Bidhya Devi Bhandari, the first female president of Nepal, began her journey as a party worker. Previous to this post, she was an influential leader in the party, served in different Ministries and was previously Defense Minister.

Forbes Magazine recently published the report of the world’s most powerful women which listed Bidhya Devi Bhandari as the 52nd most powerful women in the world, highlighting her achievements.

Likewise, the Chief Justice, Sushila Karki, began her career as a professional lawyer. Due to her continuous dedication in the justice field she was awarded the post of the Chief Justice. This is the first time in Nepal’s history the country has had a female Chief Justice and this is really a step forward in the struggle for female equality.

What next for equality?

The struggle of Nepalese women for empowerment and equality is moving ahead and positive changes have gradually materialised. However, more still needs to be done. The struggle is still in the middle of the road.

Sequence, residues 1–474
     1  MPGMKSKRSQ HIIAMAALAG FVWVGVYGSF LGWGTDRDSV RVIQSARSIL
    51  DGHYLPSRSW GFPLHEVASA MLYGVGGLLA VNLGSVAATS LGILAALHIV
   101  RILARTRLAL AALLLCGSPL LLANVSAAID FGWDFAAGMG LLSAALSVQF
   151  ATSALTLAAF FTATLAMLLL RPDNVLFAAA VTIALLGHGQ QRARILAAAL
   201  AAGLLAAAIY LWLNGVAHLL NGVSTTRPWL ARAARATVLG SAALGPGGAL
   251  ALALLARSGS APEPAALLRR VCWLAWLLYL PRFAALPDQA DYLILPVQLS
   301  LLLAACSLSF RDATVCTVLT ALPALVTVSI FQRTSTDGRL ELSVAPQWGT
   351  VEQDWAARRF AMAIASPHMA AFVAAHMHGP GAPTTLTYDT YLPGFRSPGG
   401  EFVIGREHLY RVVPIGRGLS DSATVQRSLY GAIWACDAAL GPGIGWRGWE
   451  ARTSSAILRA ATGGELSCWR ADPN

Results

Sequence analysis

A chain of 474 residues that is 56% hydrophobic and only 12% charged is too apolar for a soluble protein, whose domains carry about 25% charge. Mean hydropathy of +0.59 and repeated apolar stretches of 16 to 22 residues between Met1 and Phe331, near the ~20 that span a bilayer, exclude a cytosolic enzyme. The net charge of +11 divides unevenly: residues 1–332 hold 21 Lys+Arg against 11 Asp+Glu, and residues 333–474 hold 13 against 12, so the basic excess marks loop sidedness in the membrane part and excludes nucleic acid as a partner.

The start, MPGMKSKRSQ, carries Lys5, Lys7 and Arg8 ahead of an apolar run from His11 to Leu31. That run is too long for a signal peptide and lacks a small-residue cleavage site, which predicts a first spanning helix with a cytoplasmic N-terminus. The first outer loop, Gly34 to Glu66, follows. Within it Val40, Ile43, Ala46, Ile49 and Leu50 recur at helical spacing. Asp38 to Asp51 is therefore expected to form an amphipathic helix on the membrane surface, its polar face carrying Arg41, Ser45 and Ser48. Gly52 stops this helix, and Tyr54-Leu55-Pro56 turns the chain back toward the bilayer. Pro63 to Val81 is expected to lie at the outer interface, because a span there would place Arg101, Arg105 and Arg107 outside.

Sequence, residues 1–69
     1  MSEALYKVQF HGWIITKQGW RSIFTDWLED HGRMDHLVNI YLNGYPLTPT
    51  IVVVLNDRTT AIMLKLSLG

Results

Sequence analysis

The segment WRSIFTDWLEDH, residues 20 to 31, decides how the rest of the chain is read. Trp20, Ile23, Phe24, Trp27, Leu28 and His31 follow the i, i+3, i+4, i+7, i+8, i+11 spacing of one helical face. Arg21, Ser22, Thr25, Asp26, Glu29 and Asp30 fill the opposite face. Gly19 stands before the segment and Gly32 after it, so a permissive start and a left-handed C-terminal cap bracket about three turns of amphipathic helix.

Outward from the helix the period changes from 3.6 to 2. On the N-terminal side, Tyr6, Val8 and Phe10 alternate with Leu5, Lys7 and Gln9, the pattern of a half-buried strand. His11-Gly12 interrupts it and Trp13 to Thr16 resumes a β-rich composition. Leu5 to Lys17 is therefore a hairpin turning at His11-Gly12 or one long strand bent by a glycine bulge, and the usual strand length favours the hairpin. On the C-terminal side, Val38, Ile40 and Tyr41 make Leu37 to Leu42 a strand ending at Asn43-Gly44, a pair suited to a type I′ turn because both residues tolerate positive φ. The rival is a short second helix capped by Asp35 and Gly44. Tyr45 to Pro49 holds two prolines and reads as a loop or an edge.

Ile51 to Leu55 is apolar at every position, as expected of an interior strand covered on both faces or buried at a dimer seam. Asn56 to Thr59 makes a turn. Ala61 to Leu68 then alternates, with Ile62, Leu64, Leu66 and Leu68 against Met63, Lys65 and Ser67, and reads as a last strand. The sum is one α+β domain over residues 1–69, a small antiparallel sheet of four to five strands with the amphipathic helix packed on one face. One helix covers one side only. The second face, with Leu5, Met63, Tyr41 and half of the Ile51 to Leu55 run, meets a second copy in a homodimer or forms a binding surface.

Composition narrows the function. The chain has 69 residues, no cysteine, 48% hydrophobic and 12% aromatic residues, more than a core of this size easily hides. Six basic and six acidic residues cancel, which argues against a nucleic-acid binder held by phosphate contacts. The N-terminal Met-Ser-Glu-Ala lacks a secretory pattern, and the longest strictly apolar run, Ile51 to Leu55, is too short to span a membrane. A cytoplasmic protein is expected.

Many argue that equality means 50% representation in every sector, not just 33%. The 2015 constitution of Nepal has many positive aspects ensuring equal rights for women but it has not been free from criticism, particularly regarding citizenship issues. There is still discrimination between a father and a mother for granting citizenship to a child in the case of children born from either a foreign mother or a foreign father. The struggle for equality and empowerment has not ended with the achievement of these three remarkable women, and must be continued to ensure an equal society for all.